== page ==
What’s new in tech
A big new tax for Big Tech
Facebook and Google face a potentially significant new tax, said Felix Salmon in Axios.com. At the moment, multinationals that deal in digital products can “move profits around the world,” shifting them from high-tax countries to low-tax havens such as Ireland. Now some countries want to make it harder for the big players to get around local taxes. The U.K. is proposing a 2 percent tax on the British revenues—rather than profits—of any tech company “with more than $650 million in global revenues,” a clear swipe at U.S. tech giants. Spain, South Korea, and India are considering similar measures. Internet companies say it’s double taxation. But oil companies already pay similar taxes. “If Exxon Mobil can pay a royalty based on revenues, then why not Facebook?”
Uber’s not-quite-autonomous cars
Uber has requested permission to restart testing of its self-driving cars, said Mariella Moon in Engadget.com—this time with two human backup drivers in each computer-controlled vehicle. The company suspended the trials in March after one of its cars killed a pedestrian in Tempe, Ariz., “the first death attributed to self-driving vehicles.” Uber’s software detected the pedestrian six seconds before impact but didn’t activate emergency braking until 1.3 seconds before the collision, when it was too late to stop. The human backup driver was distracted, watching a show on her phone. Uber has now asked the Department of Transportation for the right to resume testing on public roads. It says two people will sit in the front seats of its self-driving vehicles, its software has been tweaked to spot objects and people sooner, and a third-party firm will monitor its backup drivers in real time.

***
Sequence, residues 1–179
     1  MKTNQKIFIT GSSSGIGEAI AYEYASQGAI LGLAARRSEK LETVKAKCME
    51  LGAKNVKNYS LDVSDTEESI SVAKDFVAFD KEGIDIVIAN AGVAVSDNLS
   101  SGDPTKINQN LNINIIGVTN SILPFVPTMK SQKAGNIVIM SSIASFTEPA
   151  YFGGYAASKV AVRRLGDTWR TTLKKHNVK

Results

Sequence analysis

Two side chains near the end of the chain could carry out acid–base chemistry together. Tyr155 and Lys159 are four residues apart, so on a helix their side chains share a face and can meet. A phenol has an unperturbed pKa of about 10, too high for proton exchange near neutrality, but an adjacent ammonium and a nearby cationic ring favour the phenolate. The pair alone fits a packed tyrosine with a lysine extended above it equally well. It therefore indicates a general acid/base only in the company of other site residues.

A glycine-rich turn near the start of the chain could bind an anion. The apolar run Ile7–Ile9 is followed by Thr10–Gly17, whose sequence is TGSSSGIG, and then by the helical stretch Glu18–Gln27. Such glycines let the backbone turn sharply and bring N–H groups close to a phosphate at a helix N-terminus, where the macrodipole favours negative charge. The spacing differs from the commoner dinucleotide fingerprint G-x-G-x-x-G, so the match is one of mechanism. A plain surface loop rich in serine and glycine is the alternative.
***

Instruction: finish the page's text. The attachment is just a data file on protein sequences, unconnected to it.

The number Alexa can’t dial
Amazon’s Echo and other smart speakers can make calls for you, said Sarah Krouse in The Wall Street Journal, but there’s one number they can’t dial: 911. Google Home and Amazon Echo devices are now installed in 20 million U.S. homes, and calling emergency services seems to be a natural use. But there are “regulatory and technical reasons” that the devices can’t contact emergency services. One is financial: Devices that can call 911 are subject to a monthly regulatory fee, which varies by state and ranges from 25 cents to $3. Charges for emergency call buttons designed for the elderly are much greater, about $40 a month.